Like most of the great ideas at our house, my wife birthed it—treating kids and grandkids to a short cruise in lieu of gifts for Christmas. The affirming vote was unanimous. Beholding the wide-eyed wonderment of a half-dozen grandchildren, ages 5-11, taking on first-time experiences was priceless. Initially a “bucket list” item, it now is a gift we’d like to re-open again—at least for as long as loved ones want to go.
Like much of life, the outing is memorable for a few big things and a multitude of small ones. (The youngsters were transfixed by Galveston’s massive Mardi Gras arch stretching across Ship’s Mechanic Row, in front of the historic Tremont House hotel. Erected initially to signal the beginning of Mardi Gras, it is now lighted nightly throughout the year. Galveston’s 102nd such event—the largest in Texas—is scheduled Feb. 1-12, 2013, with more than a quarter-million visitors expected.)
Inside the hotel, children’s eyes locked on the gingerbread replica of the storied Tremont House….
The trip was not without trauma, however brief. Addison, a kindergartner, was on the edge of panic when her first loose tooth wobbled, more “out than in.” Surrounding dinner guests cheered when her dad gently removed it, turning tears into a big smile seconds later.
Strains of “All I Want for Christmas” erupted—lyrics were changed, of course, to “one front tooth.”
Tooth fairy questions abounded, with Carnival personnel assuring her that the fluttering fairies always are welcome on board. There was no shortage of well-wishers wanting to supply coins, and they had to get her a bigger pillow….
Meal times were most special—for more than the obvious reasons. We found ourselves stealing peeks at the children who had migrated to “their table,” adjacent to ours.
Ben and Jonah inhaled cheeseburgers and shrimp cocktail at almost every meal. (Jonah expressed amazement that they can “give us all of this for free!”) Most of the “grands” passed on fancy dishes, opting for burgers, pizzas and grilled cheese sandwiches instead. Fruit Loops—not eggs benedict—was their breakfast choice. (An exception was youngest grandson Kedren, who ordered mostly adult dishes, including “alligator fritters.”)
Juliana, always with EpiPen nearby to counter nut allergy reactions, was most impressed that the waitperson always guided her toward “safe” menu choices, and always knew her name….
They went different directions during Carnival Triumph’s daylong docking in Cozumel. Some snorkeled in the crystal-clear waters; others “kissed”—and rode—dolphins.
All three grandgirls returned to the ship with braids in hair. (Eliminate braiding in Cozumel, and the tourist trade tumbles.)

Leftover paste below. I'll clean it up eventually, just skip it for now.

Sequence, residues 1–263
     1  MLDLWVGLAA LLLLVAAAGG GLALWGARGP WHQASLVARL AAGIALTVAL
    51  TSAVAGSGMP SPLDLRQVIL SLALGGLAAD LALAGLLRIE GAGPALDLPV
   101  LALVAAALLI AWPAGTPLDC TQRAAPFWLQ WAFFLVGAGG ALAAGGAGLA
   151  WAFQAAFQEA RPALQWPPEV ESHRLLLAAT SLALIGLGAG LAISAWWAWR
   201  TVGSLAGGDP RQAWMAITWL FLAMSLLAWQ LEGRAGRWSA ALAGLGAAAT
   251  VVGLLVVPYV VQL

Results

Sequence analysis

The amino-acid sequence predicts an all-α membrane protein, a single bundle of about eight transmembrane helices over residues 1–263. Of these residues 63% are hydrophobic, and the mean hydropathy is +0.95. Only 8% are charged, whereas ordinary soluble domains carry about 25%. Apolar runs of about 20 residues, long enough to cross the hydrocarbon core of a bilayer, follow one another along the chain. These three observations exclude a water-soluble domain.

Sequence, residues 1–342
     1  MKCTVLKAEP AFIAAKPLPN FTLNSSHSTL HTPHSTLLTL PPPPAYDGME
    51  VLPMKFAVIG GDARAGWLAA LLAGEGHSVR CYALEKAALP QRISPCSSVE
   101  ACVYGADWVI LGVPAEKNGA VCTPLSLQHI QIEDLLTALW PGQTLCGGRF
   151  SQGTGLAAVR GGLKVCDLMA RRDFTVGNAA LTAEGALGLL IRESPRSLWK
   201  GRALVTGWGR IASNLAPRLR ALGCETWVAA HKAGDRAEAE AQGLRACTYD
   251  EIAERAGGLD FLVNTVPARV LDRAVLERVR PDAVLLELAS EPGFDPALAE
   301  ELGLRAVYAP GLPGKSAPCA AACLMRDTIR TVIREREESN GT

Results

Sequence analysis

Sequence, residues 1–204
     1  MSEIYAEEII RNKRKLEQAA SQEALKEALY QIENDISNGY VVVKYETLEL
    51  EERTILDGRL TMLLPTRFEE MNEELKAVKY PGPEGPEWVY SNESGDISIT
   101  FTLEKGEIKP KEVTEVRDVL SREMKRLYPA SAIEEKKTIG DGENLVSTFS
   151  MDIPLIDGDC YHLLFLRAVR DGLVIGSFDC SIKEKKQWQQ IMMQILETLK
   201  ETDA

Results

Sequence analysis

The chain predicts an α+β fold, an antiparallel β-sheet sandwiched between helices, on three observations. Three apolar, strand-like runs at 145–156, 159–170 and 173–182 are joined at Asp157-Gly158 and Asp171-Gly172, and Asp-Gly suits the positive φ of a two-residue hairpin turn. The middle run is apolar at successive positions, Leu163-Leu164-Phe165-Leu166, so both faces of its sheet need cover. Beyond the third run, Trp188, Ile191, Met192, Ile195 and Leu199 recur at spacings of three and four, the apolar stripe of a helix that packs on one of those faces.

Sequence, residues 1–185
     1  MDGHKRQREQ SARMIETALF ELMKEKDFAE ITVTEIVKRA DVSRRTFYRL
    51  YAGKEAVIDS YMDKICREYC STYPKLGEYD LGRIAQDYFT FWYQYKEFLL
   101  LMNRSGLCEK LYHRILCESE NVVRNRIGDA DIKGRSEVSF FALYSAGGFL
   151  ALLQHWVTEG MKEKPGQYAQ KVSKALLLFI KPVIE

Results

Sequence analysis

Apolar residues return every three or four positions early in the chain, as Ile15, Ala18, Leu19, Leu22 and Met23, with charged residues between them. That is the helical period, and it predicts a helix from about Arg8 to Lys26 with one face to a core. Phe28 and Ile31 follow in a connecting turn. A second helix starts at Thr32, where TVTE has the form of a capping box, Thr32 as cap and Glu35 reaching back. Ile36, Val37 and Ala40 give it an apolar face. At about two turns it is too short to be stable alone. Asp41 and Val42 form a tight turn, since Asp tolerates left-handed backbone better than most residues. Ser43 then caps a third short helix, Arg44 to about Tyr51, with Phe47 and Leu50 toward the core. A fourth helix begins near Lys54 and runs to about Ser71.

One granddaughter said her “braider” has “the fastest fingers in the West”, then asked: “Are we still in the West?”…
Our final night on ship, we gathered on the outdoor pool deck to watch the Dallas Cowboys eke out a win over the Philadelphia Eagles. A giant full moon loomed large above the giant screen.
The ship bobbed gently, and the screen sometimes blotted out the moon.
“How do they make the moon bounce like that?” Kedren wanted to know….
The children, marveling at the courteous conduct of crew members, were in awe of their dedication to supporting spouses and children “back home.”
Such teaching moments about human kindness abounded.
Cell phones were abandoned; “eye to eye” contact was common. Questions were freely expressed and warmly answered….
Upon debarkation, we drove around Galveston one last time—for this visit, anyway. Few cities abound in more history, and no cruise port more warrants tying on a few more days, fore or aft.
It was a beautiful December day. The sun-splashed beach seemed to beg—as the children put it—“for just one more hour.” We caved. Brittin got to build her sandcastle, and to utter a classic twist-of-tongue: “I got toes between my sand.” Other “grands” swam in the surf—albeit a bit nippy— doable for them and unthinkable for us.
The children also wanted another look at the huge Sam Houston statue, adjacent to I-45 near Huntsville….
Such a family outing provides bonding at its best.
Memories are locked in, relationships strengthened, understanding heightened and curiosities satisfied.
Maybe this should be a “barrel list” item, always rotating back to the top….
Dr. Newbury is a speaker in the Dallas/Fort Worth Metroplex. Speaking inquiries/comments to: firstname.lastname@example.org. Phone: 817-447-3872. Twitter: @donnewbury. Web site: www.speakerdoc.com.